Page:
David Johndrow is a fine art photographer living in Austin, Texas. After studying photography the University of Texas, he began shooting commercial work as well as pursuing his more personal fine art photography.David’s continuing series, Terrestrials, combines his passion for gardening and photography and features macro nature photographs of animals and plants that inhabit his Hill Country, Texas garden. To realize his vision, he prints with silver gelatin, platinum/palladium, gum-bichromate and gumoil.His photographs are part of the Wittliff Collection of Southwestern and Mexican Photography, as well as in many private collections.All about David Johndrow:AAP: When did you realize you wanted to be a photographer?I took a darkroom class in art school and fell in love with the process. The first roll of film I shot I processed and printed myself.AAP: Where did you study photography?I learned photography at The University of Texas, but I built my own darkroom and started working on my own. I really honed my printing skills working as a printer in a photo lab. Just the shear volume of work I printed during that time made me a better printer.AAP: Do you have a mentor or role model?I can’t say I had any mentors except for photographers like Irving Penn who I loved and was inspired by.AAP: How long have you been a photographer?I’ve been a photographer for 30 years.AAP: Do you remember your first shot? What was it?My first shot was of my friends who were in a band. I had other friends who were actors and comedians, so I started taking lots of portraits for peoples publicity shots.AAP: What or who inspires you?I am inspired creatively by many different kinds of artists, but my biggest inspiration is the natural world. Rarely do I go in search of photographs; rather things just appear to me when I spend enough time outdoors. Gardening is my biggest obsession next to art.AAP: How could you describe your style?I have lots of styles but my most well know work is done in macro. I guess the one common thing in all my work is a simple graphic composition.AAP: Do you have a favorite photograph or series? I love Matt Mahurin, especially his portraits of Tom Waits. AAP: What kind of gear do you use?I shoot with a Hasselblad on 120 film.AAP: Do you spend a lot of time editing your images?Although I shoot on film, I edit my images on the computer. It helps me group images in a series or arrange them for exhibition.AAP: Favorite(s) photographer(s)?My favorite photographer is Irving Penn.AAP: What advice would you give a young photographer?I would tell young photographers to shoot a lot of images, do a lot of experiments, and try to learn some different printing processes.AAP: What mistake should a young photographer avoid?Don’t try and shoot photos of things you think others would like but shoot subjects you are most interested in. Every subject has been done before, so try and put your own spin on it.AAP: What are your projects?The project I’m working on is close-ups of natural textures.AAP: Your best memory as a photographer?My best memory is of shooting the pyramid at Chichen Itsa. It was at the solstice and I wanted a photo of the serpent shadow on the steps, but it was a cloudy, rainy day. Suddenly, right before closing, the sun burst out and I got some great shots.AAP: Your worst souvenir as a photographer?Don’t knowAAP: The compliment that touched you most?“Every time I look at your photograph I see something different”.AAP: If you were someone else who would it be?No one else.AAP: Your favorite photo book?Irving Penn: Passages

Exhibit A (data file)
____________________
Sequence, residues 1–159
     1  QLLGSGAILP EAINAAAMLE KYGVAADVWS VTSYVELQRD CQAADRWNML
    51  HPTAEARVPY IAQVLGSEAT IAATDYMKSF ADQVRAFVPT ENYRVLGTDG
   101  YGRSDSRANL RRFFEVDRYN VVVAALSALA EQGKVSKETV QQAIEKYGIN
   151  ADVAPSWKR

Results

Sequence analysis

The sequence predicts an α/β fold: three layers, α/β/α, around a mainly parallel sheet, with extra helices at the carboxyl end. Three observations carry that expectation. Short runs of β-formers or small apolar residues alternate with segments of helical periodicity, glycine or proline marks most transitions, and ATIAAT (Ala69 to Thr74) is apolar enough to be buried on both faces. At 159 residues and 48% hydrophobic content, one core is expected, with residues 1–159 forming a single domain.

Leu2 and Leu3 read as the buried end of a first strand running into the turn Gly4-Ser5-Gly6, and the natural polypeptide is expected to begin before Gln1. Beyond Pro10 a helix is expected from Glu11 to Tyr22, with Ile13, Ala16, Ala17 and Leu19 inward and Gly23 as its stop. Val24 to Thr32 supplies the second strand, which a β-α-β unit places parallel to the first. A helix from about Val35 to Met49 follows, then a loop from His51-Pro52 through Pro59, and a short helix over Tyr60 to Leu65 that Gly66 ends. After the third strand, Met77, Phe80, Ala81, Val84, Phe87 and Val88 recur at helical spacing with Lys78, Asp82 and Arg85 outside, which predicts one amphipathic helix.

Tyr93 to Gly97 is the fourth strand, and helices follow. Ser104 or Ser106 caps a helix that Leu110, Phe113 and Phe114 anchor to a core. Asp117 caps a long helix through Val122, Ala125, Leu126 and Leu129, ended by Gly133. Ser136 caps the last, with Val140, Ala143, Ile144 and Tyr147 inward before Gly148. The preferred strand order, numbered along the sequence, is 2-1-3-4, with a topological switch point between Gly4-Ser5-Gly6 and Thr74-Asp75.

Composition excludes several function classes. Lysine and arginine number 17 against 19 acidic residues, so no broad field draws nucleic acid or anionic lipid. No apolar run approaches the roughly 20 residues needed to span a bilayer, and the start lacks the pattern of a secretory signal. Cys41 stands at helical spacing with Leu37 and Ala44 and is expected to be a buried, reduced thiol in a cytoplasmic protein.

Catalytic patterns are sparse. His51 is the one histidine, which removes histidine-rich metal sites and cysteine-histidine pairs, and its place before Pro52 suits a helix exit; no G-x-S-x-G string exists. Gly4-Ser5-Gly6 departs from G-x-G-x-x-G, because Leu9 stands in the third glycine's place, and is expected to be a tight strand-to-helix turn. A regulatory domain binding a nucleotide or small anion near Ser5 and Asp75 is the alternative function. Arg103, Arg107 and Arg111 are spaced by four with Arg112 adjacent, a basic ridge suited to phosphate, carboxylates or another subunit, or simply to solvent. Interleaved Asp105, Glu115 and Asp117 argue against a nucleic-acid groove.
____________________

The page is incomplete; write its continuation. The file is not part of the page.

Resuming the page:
Myriam Boulos
Lebanon
1992
I was born in 1992 in Lebanon, right after the end of the war, in a fragmented country that had to reinvent itself. At the age of 16 I started to get closer to Beirut and used my camera to question the city, its people, and my place among them. I graduated with a master degree in photography from the Academie Libanaise des Beaux Arts in 2015. Today I use photography to explore, defy and resist society. It is my way of constantly reinventing myself in the body and the city I live in. Statement The revolution started in Lebanon on the 17th of October 2019. Since then everything has been emotionally and physically draining and confusing but also beautiful, sad and awakening. It all feels as if we were coming out of an abusive relationship and to finally say: No, this is not normal. When the revolution started in Lebanon, it was the most natural thing for me to take my camera and go to the streets. Photography has always been my way of participating to life as it is today my way of taking part in the revolution. In the ongoing socio-political context it felt to me like there was no choice: the subject of my photography imposed itself on me. It was more a question of need and necessity than a question of desire. The slow documentary that normally constitutes my approach was ever so naturally replaced by something else something new, and within the revolution I let myself carry by the big wave coming towards me, big wave much bigger than me. My project is about documenting the different facettes of the Lebanese revolution from a local point of view. My approach is characterized by the direct flash I use in this project but also in others. This potentially comes from my need to make things real. The direct flash also helps me work on textures, bodies and skins. In the context of the revolution, the proximity between the bodies says a lot about the situation. It is the first time that we claim our public spaces, our streets, our country. It is the first time that different social classes mix together in the streets. In our streets. In parallel to the photographic documentation, I am also documenting the evolution of my emotions during the revolution. It is sort of a diary that accompanies the pictures. Example: Monday, 20 Jan Beirut, Lebanon Tonight in the teargas I took all my pictures with eyes closed. They say the moment of a picture is a black out. I wonder if I don't look at these emotions, will they disappear?